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Time to Act: Severe sepsis - rapid diagnosis and treatment saves lives

Our recommendations

The principal concerns arising from our sepsis casework are initial assessment, initial treatment, delays and staff training. The NHS must address these issues as a ‘whole system’ to improve outcomes and reduce avoidable deaths.

1. Improving recognition

1.1 NICE will produce guidance to support GPs, ambulance staff and hospital clinicians to recognise severe sepsis in people at an early stage, so enabling earlier treatment which is known to improve outcomes. This should include the use of early warning scores, good practice in clinical assessment, best use of IT in managing available data, and new technology for near patient investigation (for example to measure blood lactate levels).

1.2 NHS England will prioritise a workstream on clinical deterioration including the early recognition of sepsis, and this may include helping providers of acute services to identify ways by which senior clinical staff are involved in patient management in a timely way.

1.3 The providers of acute services should identify ways by which senior clinical staff become involved early in the management of patients with severe sepsis.

1.4 NHS England will support the development of a public awareness campaign among vulnerable groups such as the immuno-compromised. 

1.5 Education and training institutions should emphasise the importance of clinical staff listening to the relatives of patients as they can be the first to recognise the deterioration of the patient.

2. Improving treatment

2.1 NICE will include in guidance on sepsis the most clinical and cost effective management of people with severe sepsis, particularly in relation to the initial recognition and diagnosis of the condition and the timely use of antibiotics and fluid resuscitation.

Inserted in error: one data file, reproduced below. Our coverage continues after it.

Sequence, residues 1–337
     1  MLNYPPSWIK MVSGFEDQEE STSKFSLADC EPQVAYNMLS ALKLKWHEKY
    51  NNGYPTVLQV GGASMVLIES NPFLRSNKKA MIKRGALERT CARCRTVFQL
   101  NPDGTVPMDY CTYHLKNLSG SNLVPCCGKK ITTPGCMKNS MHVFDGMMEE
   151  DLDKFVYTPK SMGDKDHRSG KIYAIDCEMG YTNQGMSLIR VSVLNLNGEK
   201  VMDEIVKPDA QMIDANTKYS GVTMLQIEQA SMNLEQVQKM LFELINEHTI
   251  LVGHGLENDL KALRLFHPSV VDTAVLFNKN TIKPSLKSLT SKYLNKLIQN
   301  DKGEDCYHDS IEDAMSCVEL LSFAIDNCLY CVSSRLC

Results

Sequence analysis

2.2 Provider organisations should ensure full integration of available clinical guidance into their own clinical processes and systems to ensure timely treatment.

2.3 Provider organisations should foster attitudes and behaviours among their front‑line staff which values critical clinical thinking, the timely availability of senior decision makers, focused priorities, and the prompt implementation of clinical plans.

3. Continuous improvement

3.1 NICE will prepare a quality standard for the management of severe sepsis against which national audit should take place.  The NHS should ensure appropriate data collection (examples of which should include times from arrival to commencement of fluid resuscitation and antibiotic administration, and the proportion of patients with infection screened for sepsis). This should be mandatory and linked to commissioning arrangements.

4. Research

4.1 Clinical practice should be underpinned by robust information.  Current research questions worthy of sponsorship include optimal fluid replacement; the development clinical tools highly predictive of severe sepsis applicable in primary care; development of near patient investigations applicable out-of-hospital and in emergency departments; and the reasons clinical guidance is not adhered to.

Conclusion

Our recommendations have been developed and agreed with the support and commitment of organisations who will be helping to implement them. 
We believe that these actions will help to reduce the deaths and disabilities caused by sepsis.